Runaway Ralph by Beverly Cleary

Runaway Ralph by Beverly ClearyRalph’s second adventure is both a better story and a more moralistic one. Your enjoyment may vary, depending on your tolerance for such things. (Though it’s probably safe to say that if you are reading these books you’re probably not old enough to notice the moralizing, or you are reading them somebody for whom that description is accurate.)

The target audience of these books remains young boys and the story starts to show it’s age a little as all the girls and boys have very traditional girl and boy things to do. Only young boys who know how to make a motorcycle go by making motor noises can speak to a mouse. Girls never seem to care for motorcycles.

I understand that this is an artifact of the times but it strikes a nerve with me. I have two daughters. We take them to MacDonald’s only on very rare occasions. The toys for girls are atrocious. They’re almost always inactive, non-pretend play types of toys — headbands, rolls of stickers. While the boys get robots, cars and rocket ships. We always just ask for boys toys for the girls.

Beverly Cleary writes in a world where it is assumed that girls want to play with watches and jewelry and make crafts while boys want to run and play with motorcycles. I want to know about the boy who wants to make artwork out of beans and the girl who talks to Ralph because she loves motorcycles and speed and the feel of the wind in her face.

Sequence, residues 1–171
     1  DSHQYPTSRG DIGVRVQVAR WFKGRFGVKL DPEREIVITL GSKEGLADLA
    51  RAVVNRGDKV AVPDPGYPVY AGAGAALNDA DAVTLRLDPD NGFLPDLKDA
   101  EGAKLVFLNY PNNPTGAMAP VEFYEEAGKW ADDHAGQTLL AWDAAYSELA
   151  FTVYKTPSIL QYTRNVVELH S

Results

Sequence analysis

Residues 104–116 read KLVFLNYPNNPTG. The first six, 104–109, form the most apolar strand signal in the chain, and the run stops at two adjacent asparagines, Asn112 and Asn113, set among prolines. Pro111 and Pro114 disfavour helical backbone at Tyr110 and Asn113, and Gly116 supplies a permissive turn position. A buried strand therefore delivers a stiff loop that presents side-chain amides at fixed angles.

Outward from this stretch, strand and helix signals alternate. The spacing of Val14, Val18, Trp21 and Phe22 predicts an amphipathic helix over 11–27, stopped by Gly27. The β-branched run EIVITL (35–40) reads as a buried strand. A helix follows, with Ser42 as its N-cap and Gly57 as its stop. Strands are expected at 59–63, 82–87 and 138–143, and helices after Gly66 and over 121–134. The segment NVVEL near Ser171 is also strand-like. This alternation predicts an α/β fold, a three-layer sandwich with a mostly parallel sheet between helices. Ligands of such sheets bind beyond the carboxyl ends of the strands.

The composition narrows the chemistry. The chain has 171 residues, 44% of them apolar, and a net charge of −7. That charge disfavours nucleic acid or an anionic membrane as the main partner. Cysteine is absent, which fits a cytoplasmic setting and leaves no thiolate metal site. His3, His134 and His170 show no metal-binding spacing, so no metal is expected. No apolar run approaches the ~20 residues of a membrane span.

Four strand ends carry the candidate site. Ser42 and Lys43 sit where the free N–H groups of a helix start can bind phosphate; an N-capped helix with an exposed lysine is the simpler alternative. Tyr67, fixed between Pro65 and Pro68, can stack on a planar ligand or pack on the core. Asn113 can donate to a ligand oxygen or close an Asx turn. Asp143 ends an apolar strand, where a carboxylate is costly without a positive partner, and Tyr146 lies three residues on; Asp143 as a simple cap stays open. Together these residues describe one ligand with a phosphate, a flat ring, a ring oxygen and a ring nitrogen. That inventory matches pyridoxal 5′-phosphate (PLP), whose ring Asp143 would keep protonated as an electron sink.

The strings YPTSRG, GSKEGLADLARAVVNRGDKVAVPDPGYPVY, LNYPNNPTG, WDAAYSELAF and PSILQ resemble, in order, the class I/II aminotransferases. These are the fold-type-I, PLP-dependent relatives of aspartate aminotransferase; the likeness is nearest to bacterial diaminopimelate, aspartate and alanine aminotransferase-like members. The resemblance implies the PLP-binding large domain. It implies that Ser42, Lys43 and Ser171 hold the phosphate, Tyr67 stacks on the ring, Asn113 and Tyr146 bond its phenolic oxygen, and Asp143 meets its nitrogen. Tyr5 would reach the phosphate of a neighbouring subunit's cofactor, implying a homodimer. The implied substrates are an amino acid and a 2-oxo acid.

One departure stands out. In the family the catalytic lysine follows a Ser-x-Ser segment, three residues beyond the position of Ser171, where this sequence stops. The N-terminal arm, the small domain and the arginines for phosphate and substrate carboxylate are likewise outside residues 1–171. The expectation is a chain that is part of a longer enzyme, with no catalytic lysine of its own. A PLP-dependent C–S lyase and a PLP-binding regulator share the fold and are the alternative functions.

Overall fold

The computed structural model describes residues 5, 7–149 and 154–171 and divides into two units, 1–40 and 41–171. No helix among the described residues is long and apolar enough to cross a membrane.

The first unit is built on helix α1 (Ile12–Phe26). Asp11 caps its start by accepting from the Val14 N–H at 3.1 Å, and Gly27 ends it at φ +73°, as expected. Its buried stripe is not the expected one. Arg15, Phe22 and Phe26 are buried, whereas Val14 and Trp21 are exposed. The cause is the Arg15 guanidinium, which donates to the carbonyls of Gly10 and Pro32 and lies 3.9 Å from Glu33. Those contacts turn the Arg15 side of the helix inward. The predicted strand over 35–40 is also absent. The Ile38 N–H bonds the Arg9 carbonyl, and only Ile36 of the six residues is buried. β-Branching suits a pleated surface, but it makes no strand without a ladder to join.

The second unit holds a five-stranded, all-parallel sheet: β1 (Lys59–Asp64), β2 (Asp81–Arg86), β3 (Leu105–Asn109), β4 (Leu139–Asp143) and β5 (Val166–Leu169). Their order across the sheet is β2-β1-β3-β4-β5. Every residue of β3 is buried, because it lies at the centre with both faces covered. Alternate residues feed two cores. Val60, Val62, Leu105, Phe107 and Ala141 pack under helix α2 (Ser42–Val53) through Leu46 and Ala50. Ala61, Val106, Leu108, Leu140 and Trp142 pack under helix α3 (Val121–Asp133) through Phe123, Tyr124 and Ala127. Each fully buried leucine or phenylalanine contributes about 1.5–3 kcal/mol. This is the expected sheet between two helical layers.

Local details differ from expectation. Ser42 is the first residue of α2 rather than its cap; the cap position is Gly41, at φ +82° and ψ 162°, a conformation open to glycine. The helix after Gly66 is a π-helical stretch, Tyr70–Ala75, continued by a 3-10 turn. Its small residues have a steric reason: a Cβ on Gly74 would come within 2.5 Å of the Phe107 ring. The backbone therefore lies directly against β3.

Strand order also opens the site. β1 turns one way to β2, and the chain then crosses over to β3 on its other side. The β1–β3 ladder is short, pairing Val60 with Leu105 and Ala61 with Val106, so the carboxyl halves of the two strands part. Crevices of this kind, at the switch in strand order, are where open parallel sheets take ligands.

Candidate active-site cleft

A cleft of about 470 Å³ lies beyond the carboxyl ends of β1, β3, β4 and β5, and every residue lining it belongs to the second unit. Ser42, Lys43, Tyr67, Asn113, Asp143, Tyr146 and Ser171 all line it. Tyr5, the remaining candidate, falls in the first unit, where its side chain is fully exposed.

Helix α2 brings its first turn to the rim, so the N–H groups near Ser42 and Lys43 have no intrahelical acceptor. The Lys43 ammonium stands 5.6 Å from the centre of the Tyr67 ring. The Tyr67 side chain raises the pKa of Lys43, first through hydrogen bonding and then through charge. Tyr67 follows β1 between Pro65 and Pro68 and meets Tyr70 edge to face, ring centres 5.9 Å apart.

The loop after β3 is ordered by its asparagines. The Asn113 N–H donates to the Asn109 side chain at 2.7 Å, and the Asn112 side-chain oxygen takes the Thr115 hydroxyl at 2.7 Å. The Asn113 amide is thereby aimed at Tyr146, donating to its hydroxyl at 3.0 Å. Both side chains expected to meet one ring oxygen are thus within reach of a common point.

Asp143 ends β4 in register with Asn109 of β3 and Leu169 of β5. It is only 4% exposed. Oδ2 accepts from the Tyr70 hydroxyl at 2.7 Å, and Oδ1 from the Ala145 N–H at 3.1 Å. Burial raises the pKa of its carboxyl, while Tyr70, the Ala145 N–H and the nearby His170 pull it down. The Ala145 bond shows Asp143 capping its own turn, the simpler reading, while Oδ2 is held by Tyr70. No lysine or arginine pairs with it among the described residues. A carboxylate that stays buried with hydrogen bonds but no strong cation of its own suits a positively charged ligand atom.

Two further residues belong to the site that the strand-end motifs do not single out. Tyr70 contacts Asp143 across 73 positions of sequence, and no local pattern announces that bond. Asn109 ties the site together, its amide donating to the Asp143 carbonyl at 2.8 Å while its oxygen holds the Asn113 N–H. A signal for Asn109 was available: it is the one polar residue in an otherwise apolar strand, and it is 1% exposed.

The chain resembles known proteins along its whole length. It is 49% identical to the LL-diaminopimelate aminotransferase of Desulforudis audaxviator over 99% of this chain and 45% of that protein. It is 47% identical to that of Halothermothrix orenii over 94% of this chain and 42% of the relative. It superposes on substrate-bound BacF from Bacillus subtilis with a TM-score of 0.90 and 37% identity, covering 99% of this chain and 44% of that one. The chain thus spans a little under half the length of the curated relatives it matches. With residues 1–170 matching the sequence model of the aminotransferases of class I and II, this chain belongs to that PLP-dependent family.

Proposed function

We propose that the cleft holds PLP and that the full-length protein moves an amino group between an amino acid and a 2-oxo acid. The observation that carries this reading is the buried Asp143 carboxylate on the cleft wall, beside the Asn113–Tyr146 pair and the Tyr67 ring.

I digress.

The book serves it’s purpose. It provides a grand adventure for a small mouse. My son would literally dance on his toes and chew his fingernails during some of the more intense scenes when he thought the cat might get our intrepid hero.

That said, as an adult I felt many of the situations contrived to teach a lesson about a specific message. Ralph learns the value of his family, of not running away, of staying close to home. In the end it felt like a message of passiveness that didn’t quite sit right with me. I’m a natural homebody. I almost always prefer to spend my leisure time at home. When I read I want to hear about heroes who are not like me, who are bold and courageous and dive right in and get things done. Ralph tries to dive in and get things done and learns his lesson and goes back home, determined to stay there. It kind of felt like a letdown.

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